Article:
CAD is one of the things I really enjoy doing. I am most adept at using PTC Creo for my employer. I am able to easily “think” and design ideas as easily in that software as I am able to draw it on a piece of paper.
I’m making it a point to get that way with Fusion 360. I don’t think it is as intuitive but if you were to ask anybody that hasn’t “grown up” with Pro-Engineer (Creo’s historical name) they would likely say otherwise
The installation of Fusion 360 is not as straight forward as it would be on it’s native Windows environment. It’s not bad but does require a little effort on your part. Though, I would say no more effort than I have had with other CAD packages on Windows.
Your first step is to install Lutris. For openSUSE
sudo zypper install lutris
Optionally, you can click to direct install here.
The next step is to go to the Lutris sight and initiate the installation process from there.
Select the Install button. That will launch Lutris and begin the installation process.
This process will take a while and if you are so inclined, you can watch the process scroll by.
Once it is complete, you are given the option to add a desktop short cut and menu entry. That is all there is to the installation process. Now you are ready to run Fusion 360, but not yet ready to get to designing.
You are going to have to run Fusion 360 twice. This first time, Select to launch the application. The application splash screen will happily greet you.
You will then be required to sign into Fusion 360. Here is the one aspect of Fusion 360 that I am not keen on but I will overlook, this application does need to phone home in order to operate. You can function offline and it will cache locally so you are not explicitly required to be online every moment that you are working in it.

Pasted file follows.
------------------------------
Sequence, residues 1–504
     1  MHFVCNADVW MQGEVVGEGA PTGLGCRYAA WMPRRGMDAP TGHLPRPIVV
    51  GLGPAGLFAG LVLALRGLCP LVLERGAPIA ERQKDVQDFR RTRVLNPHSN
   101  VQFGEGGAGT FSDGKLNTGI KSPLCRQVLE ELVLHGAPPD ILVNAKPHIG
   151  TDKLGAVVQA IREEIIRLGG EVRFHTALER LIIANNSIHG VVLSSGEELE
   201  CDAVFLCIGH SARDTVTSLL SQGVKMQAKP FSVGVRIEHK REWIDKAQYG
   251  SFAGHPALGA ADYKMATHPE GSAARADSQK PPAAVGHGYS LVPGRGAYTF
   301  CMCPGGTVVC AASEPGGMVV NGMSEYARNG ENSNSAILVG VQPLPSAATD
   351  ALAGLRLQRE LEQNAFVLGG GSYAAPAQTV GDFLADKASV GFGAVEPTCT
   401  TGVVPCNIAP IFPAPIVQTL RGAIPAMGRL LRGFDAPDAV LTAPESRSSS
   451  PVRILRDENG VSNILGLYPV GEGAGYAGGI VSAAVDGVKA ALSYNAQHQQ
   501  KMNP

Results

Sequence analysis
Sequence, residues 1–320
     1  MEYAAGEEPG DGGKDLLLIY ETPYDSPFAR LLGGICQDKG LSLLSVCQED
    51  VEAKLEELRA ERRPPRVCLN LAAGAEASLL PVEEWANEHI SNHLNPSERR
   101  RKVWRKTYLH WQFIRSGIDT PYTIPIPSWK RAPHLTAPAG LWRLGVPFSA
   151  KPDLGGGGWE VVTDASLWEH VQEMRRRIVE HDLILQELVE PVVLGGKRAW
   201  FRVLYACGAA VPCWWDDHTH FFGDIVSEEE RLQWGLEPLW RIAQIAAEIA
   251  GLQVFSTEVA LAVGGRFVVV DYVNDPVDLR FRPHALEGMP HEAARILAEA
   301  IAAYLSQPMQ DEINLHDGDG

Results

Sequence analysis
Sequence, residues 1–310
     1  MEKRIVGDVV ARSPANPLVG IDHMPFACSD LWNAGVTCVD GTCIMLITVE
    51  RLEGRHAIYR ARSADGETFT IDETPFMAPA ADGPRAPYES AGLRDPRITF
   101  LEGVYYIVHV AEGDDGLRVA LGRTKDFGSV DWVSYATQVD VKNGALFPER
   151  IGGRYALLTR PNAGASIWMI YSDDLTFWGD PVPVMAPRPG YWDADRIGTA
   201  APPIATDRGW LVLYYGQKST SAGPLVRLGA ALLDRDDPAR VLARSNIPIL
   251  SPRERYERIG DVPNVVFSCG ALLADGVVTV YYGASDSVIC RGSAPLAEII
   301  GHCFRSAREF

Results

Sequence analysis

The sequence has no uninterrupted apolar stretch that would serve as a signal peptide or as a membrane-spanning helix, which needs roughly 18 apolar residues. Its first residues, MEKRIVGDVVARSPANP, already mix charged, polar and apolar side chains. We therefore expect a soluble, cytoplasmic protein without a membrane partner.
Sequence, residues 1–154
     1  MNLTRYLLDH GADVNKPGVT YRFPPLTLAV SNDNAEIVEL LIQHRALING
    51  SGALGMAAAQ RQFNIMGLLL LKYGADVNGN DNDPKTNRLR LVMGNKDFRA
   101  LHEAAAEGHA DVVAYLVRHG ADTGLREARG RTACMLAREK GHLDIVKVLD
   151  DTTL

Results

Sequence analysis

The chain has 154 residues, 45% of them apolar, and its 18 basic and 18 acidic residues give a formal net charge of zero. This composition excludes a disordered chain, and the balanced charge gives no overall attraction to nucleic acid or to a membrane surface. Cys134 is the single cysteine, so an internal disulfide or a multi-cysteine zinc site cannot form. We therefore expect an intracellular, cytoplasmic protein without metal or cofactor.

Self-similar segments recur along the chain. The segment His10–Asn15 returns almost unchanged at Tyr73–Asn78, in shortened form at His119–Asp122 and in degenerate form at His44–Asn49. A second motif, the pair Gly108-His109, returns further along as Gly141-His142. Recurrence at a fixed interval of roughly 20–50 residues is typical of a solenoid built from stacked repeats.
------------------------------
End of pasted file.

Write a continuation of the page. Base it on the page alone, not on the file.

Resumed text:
You are required to create an account and in doing so, you will have to identify yourself as an individual for free, non-commercial use. My understanding is that you will have annually affirm that you are using this for hobby, non-commercial use.
Once it is done loading up, you are greeted with this screen and this also tells you that Fusion 360 is not able to properly access the graphics drivers. That can easily be fixed by going into your preferences and change the graphics driver to DirectX 9
Choose apply but select “Not Now” on closing the application. It is known for having the habit of not actually closing out and just hanging. Close Fusion 360 then ensure all Wine processes are closed through the Lutris interface.
Another change you need to make is in Lutris. Right-Click and select “Configure” on the “Autodesk Fusion 360” entry. Select the “Runner options” Tab and Disable DVK, D9VK and Esync. I do not run it in the Windowed (Virtual Desktop) as some of the menus don’t appear.
Now you are ready to do some designing.
This time you run Fusion 360, you are ready to get to designing. That is, assuming you see a grid pattern and the rotation cube in the corner.